But for all the talk about the return of geopolitics, it wasn't only about that, and perhaps not even primarily about that.

It wasn't the Ukraine trade orientation to the European Union that was the number one issue.

It was primarily the Ukraine political orientation towards a European democratic order that was a challenge to the order that the Kremlin wished to see in the areas it claimed some sort of right to dominate.

It wasn't the trade preference of the EU, or the might of Nato, that installed fear in the Kremlin. It was the flags on the Maidan.

Following the intervention of regular units of the Russian army in the easternmost parts of Ukraine, thus de facto defeating the Ukraine forces there, we now have a cease-fire that looks like putting us on the path to another so called frozen conflict in Europe.

It will be the fourth on the direct border of Russia, and it will be the fifth supported and sustained by the armed forces of the Russian federation.

When I spoke to you a year ago I certainly did not foresee all of this happening. In fact no one did.

There were certainly so called hawks in the debate uttering warnings about where Russia was heading. But no one even of them dared to predict this happening.

Where we will be one year, five years or ten years from now I don't know. But I do know that President Putin has embarked on a new course.

And I do know that according to the constitutional arrangements he has put in place he could well be in power in Russia a decade from now as well.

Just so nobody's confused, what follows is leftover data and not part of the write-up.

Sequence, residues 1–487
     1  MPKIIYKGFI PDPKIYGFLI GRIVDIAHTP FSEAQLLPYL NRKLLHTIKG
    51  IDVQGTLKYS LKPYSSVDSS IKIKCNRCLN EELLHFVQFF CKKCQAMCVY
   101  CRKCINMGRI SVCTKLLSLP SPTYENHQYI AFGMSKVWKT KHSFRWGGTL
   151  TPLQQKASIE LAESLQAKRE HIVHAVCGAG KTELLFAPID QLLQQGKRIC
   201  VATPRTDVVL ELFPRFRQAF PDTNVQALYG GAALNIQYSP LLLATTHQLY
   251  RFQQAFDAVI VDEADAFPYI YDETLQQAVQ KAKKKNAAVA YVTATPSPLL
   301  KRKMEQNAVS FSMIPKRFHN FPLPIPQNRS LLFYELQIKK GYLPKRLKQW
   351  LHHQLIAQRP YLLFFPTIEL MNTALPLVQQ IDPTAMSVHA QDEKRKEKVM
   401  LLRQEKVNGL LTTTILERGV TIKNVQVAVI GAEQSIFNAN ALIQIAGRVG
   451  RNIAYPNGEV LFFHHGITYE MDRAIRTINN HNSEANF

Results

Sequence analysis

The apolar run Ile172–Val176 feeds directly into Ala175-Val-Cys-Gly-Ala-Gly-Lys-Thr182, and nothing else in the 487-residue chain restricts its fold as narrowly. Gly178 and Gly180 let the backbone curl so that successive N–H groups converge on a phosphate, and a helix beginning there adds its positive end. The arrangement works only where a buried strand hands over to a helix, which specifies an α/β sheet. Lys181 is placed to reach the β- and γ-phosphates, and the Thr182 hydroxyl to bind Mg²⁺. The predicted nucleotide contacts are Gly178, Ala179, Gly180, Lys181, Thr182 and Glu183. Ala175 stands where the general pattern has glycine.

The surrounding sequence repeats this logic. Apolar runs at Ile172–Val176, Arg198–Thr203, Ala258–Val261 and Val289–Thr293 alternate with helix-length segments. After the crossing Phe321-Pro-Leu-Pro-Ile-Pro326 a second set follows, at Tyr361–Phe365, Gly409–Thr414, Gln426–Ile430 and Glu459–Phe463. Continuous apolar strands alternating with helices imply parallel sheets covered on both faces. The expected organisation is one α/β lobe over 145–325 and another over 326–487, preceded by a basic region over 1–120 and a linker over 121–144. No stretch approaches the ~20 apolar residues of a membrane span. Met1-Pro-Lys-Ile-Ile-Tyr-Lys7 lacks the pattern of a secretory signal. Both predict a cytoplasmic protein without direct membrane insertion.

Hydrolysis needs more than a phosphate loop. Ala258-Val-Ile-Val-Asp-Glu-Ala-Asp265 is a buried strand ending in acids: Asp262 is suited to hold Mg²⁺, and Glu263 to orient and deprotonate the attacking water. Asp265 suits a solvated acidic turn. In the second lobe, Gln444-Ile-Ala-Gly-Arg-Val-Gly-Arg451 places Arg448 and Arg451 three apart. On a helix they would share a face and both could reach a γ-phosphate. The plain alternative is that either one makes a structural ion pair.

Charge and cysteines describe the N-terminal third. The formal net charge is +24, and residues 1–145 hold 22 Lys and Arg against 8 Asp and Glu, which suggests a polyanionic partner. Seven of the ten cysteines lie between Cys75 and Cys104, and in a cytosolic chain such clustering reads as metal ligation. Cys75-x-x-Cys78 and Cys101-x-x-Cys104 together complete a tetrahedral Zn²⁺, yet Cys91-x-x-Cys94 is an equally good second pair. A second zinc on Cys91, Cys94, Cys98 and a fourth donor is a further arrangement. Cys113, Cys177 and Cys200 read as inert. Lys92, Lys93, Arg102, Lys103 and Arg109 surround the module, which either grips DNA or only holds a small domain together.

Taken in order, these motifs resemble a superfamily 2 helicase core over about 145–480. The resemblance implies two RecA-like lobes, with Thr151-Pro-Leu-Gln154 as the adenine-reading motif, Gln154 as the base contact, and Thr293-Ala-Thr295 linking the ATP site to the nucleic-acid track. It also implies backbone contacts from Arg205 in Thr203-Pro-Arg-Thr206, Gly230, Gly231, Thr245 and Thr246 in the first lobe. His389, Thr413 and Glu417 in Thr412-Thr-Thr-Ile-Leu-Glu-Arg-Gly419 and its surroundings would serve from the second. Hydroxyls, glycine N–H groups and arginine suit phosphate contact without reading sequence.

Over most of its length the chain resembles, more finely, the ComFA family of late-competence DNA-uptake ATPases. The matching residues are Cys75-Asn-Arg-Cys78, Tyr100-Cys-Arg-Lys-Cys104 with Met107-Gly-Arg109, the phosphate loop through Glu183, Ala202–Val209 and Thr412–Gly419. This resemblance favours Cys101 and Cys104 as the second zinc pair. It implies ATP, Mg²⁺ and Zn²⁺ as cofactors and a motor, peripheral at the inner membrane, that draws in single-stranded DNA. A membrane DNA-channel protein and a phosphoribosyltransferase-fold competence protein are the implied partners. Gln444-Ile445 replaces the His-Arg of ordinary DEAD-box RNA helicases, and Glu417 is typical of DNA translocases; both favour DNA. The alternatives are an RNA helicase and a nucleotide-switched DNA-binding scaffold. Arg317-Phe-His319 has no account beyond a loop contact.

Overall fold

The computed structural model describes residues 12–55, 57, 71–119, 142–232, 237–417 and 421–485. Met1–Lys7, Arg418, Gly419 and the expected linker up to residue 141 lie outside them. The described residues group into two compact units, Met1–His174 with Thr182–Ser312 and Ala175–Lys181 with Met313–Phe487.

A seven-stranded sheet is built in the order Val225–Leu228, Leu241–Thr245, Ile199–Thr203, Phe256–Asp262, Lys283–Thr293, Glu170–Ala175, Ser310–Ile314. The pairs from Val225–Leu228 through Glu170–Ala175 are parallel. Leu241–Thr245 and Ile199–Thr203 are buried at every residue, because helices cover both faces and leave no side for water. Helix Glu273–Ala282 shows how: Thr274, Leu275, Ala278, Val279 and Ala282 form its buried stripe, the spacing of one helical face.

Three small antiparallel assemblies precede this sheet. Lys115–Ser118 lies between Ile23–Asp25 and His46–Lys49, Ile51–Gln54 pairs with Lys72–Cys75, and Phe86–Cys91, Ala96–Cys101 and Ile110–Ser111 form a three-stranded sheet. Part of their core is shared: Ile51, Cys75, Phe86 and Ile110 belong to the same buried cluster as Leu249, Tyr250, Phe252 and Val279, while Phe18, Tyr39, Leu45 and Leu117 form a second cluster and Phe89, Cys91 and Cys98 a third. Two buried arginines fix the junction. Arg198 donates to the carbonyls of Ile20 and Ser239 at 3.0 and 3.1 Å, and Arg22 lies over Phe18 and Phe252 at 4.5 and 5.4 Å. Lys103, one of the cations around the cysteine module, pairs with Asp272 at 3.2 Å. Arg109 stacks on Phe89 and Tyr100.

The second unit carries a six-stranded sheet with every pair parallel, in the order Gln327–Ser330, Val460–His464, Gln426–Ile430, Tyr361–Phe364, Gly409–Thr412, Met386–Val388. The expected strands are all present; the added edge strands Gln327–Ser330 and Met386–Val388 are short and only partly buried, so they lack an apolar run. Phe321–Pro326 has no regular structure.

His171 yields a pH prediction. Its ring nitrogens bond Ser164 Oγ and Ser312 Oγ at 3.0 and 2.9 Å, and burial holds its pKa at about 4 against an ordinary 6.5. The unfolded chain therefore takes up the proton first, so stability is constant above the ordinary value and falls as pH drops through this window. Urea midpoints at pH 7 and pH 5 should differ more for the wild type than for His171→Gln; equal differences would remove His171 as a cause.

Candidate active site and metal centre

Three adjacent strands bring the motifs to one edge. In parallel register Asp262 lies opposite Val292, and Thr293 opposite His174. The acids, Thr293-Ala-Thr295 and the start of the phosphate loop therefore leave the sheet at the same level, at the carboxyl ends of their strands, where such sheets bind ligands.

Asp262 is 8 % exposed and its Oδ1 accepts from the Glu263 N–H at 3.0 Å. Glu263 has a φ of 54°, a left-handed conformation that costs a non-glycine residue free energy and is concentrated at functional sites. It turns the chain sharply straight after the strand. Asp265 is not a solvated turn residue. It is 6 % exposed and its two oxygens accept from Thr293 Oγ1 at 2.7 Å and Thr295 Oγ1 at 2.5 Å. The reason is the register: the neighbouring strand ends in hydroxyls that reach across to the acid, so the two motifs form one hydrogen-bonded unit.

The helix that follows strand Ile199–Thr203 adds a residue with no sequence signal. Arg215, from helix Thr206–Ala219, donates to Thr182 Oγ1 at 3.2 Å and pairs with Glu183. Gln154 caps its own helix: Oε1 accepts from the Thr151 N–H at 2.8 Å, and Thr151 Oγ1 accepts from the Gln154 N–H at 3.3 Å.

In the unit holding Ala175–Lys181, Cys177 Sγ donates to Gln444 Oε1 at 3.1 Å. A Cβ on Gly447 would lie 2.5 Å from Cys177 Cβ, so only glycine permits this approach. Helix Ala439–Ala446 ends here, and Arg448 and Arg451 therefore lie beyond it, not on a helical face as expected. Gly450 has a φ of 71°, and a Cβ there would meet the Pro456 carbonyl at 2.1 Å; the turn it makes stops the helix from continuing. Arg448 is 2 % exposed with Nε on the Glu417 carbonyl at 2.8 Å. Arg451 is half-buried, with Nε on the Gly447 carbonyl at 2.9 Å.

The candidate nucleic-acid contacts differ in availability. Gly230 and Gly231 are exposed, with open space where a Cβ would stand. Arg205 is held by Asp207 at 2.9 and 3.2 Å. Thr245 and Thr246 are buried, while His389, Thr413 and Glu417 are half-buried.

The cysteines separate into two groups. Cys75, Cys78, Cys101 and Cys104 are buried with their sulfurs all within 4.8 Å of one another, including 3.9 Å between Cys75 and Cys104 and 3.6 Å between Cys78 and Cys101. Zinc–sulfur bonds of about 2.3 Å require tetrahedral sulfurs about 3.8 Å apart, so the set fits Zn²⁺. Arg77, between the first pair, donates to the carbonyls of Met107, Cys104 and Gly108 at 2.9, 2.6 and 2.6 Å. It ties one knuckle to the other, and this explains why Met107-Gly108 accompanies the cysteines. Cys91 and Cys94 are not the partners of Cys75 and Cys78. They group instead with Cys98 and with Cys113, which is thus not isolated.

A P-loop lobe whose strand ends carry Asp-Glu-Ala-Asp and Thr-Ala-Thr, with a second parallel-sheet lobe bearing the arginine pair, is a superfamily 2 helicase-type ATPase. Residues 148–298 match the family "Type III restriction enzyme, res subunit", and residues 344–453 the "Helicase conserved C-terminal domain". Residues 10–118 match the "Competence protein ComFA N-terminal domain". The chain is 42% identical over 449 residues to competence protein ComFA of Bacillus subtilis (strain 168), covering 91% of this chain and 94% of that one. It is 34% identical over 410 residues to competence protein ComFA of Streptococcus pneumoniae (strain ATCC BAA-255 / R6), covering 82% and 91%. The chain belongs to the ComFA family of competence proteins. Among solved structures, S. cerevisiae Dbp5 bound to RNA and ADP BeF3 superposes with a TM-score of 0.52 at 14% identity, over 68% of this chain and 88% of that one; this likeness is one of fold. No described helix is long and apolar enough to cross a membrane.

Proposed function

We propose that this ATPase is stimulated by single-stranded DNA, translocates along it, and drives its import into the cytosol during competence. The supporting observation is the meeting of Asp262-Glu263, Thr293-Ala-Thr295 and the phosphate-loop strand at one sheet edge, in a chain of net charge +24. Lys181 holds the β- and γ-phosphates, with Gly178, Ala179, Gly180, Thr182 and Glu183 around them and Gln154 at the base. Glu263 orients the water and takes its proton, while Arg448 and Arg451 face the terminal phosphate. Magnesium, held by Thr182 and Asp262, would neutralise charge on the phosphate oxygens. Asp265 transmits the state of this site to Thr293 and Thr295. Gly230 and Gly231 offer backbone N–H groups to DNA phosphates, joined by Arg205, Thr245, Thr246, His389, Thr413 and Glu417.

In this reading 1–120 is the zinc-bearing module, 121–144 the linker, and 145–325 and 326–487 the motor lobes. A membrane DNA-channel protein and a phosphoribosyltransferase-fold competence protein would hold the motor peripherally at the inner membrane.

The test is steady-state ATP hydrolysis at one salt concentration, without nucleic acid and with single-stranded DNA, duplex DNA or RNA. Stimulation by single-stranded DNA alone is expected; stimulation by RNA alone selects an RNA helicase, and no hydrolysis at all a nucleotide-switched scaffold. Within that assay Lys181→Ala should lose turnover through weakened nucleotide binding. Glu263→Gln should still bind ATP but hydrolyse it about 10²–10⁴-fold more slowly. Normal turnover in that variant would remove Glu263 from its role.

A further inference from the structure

And I do know that much will depend on what will happen in and with Ukraine. Sanctions against Russia is one thing.

But help to Ukraine in different ways is far more important. And in particular help to Ukraine to reform its economy, to get rid of its corruption, to end its insane dependence on heavily subsidised gas and to preserve and strengthen its democratic political system.

If this succeeds Ukraine will survive, the ambitions of today's Kremlin will be blocked and the fears for the future we today see in large parts of Europe will subside.

And then we can also return to a constructive discussion about what I call the integration of the different integrations of Europe and to a partnership for modernisation also with Russia.

Both are needed and would be beneficial for all.

But if it does not we might well be headed for a very complicated European future.

It was slightly more than a decade ago that the European Union in its so far only attempt to formulate a security strategy proudly said that "Europe has never been so prosperous, so secure nor so free" and that we had entered into "a period of peace and stability unprecedented in European history."

That was then. Now no one would find those words appropriate.

A new sense of being exposed and vulnerable has descended on the security debates around Europe.